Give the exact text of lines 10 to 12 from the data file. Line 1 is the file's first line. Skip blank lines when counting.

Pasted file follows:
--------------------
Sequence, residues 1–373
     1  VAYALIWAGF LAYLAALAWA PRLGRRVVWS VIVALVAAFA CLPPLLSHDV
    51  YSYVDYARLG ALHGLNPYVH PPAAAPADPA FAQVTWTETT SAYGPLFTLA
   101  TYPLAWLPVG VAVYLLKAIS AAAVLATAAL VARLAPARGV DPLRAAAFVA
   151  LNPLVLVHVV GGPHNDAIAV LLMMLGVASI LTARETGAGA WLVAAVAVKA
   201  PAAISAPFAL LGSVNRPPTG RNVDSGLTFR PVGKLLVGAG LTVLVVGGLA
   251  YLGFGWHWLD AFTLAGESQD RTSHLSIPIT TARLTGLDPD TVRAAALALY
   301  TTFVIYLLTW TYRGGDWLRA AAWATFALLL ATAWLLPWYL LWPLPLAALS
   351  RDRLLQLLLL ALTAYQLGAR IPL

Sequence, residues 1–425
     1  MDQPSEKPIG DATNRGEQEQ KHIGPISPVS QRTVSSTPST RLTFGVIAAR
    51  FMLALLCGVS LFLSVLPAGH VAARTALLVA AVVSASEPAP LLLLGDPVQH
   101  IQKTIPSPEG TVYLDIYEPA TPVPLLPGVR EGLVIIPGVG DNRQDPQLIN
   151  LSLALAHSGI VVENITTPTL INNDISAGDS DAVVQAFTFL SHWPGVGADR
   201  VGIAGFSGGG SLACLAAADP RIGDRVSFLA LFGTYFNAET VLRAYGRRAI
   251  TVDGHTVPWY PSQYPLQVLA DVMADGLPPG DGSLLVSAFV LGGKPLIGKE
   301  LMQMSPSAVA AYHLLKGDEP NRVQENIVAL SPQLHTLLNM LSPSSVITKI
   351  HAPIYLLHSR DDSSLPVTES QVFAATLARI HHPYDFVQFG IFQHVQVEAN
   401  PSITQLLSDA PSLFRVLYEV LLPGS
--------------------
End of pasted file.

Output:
Sequence, residues 1–425
     1  MDQPSEKPIG DATNRGEQEQ KHIGPISPVS QRTVSSTPST RLTFGVIAAR
    51  FMLALLCGVS LFLSVLPAGH VAARTALLVA AVVSASEPAP LLLLGDPVQH